While this building was not quite on par with the civil residences on Quality Row, such as No.10, it was a lot better than the shared apartment style houses occupied by the Overseers, or even worse, the Prisoner’s Barracks which could house 900 men. Having your own private privy was a privilege not enjoyed by many men in the prison precinct. Two of the men who may have lived in this house include notorious Chief Constable Alfred Baldock, who was despised by the convicts. Baldock drowned in a boat accident in 1848 and the house was later occupied by a man named James Stevens. Baldock had a wife and child who might have occupied the house also, but Stevens appeared to be single, showing the building catered for different individuals.

The structure was also used following the closure of the penal colony by the Pitcairn descendants. Rev. Charles Bice’s 1867 photograph shows the stone house with an additional wooden lean-to covering the original front entrance. The house remained occupied until 1903 and was still standing in 1906. In thirty years however, it had disappeared from the Kingston visage. The model, with its individual shingles brings into clearer focus that the Chief Constable’s residence was quite luxurious with at least three rooms and a fireplace in each.

The Bakehouse is likely to be one of the earlier structures from the second British settlement as it is featured on Captain Wakefield’s ‘Plan of the Settlement and Garrison Farm’ from 1829. It is believed to have contained two ovens and it appears that large building projects, like the Civil Hospital and New Gaol, were built around it. Aaron Price’s History of Norfolk Island from 1774 to 1854 (see references) notes there were in fact some prisoners, working as bakers, who were allowed to sleep in the Bakehouse by 1851. The inconvenience of not having a privy would have been overlooked as the Bakehouse would have been far more preferable accommodation than the Prisoner’s Barracks down the road.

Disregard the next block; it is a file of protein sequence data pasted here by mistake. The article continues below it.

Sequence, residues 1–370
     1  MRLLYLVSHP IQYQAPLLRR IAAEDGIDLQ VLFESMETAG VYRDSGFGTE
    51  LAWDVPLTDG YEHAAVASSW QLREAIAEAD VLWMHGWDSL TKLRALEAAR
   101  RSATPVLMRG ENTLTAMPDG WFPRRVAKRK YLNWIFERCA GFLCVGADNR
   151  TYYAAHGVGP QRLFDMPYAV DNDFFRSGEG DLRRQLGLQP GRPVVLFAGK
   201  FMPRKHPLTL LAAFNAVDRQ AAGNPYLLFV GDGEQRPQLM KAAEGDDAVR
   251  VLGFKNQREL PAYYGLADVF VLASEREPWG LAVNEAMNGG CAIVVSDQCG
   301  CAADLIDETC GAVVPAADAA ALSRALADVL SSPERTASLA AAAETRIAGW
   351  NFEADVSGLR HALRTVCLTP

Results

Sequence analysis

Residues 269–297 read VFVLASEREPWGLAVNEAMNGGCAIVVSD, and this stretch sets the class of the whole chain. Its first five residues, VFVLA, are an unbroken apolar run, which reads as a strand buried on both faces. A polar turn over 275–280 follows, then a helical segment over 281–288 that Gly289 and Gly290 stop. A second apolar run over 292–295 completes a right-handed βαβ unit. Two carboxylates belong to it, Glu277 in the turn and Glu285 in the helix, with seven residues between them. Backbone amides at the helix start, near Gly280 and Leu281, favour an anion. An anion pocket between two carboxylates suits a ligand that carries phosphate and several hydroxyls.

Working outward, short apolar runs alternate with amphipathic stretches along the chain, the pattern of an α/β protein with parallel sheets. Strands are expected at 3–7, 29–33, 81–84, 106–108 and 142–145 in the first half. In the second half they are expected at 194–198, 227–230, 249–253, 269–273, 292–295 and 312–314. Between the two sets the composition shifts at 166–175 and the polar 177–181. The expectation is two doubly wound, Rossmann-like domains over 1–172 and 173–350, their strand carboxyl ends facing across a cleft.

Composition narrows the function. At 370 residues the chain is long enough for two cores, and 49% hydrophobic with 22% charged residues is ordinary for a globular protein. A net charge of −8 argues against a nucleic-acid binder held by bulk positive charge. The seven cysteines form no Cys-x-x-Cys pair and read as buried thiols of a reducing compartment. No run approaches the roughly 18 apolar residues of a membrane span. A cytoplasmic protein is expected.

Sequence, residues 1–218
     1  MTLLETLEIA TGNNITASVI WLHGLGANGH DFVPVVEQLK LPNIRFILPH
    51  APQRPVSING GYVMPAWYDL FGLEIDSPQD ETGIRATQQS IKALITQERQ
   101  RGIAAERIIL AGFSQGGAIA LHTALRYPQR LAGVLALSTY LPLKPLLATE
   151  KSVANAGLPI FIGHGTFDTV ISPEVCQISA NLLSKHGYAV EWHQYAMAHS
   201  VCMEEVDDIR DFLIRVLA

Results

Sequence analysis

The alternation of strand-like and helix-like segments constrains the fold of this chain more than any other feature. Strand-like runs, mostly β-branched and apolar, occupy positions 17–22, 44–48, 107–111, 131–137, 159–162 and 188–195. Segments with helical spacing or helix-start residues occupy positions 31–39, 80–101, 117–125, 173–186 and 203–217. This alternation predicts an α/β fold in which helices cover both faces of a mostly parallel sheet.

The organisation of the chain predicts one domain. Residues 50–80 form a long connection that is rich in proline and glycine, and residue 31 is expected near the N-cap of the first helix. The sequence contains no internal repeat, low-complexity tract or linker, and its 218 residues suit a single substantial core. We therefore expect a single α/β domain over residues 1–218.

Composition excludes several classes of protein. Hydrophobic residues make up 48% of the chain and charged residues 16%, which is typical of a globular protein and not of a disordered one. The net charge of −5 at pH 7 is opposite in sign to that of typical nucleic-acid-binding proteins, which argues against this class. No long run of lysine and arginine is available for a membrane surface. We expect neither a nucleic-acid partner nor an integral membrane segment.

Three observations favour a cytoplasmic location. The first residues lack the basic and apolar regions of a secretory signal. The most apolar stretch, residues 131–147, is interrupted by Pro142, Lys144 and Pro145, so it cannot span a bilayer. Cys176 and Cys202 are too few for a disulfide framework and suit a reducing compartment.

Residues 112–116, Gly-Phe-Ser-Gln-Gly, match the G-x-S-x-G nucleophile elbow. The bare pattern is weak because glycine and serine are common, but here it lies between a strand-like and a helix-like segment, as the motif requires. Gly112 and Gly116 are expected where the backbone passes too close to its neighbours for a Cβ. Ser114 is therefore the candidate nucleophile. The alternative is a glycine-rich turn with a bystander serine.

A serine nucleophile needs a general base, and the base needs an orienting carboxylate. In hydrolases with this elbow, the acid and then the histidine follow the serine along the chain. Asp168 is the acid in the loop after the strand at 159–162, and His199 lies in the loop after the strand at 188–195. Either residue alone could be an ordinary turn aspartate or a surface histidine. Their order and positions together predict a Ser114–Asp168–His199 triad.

While we know the Bakehouse caught fire in February 1848, and despite not being seriously damaged, it was ultimately removed at the order of Commandant John Price in the same year. Originally located between the Civil Hospital and the New Gaol, the structure has been captured in a number of early artworks such as Thomas Seller’s 1839 watercolour.

Baranowskyj believes that the viewer’s understanding and experience of a building is improved by being able to visualise what it may have looked like in 3D, rather than just a static sign or image.

The last model, the Police Office, was the Penal colony’s courtroom presided over by the Civil Commandant. Prisoners and members of the military would be taken to the Police Office to stand trial for offences committed on island. It was not always an ordered courtroom with author Aaron Price noting in his diary that an Overseer was once struck by a prisoner in the building, which resulted an extra 200 lashes to the prisoner’s sentence.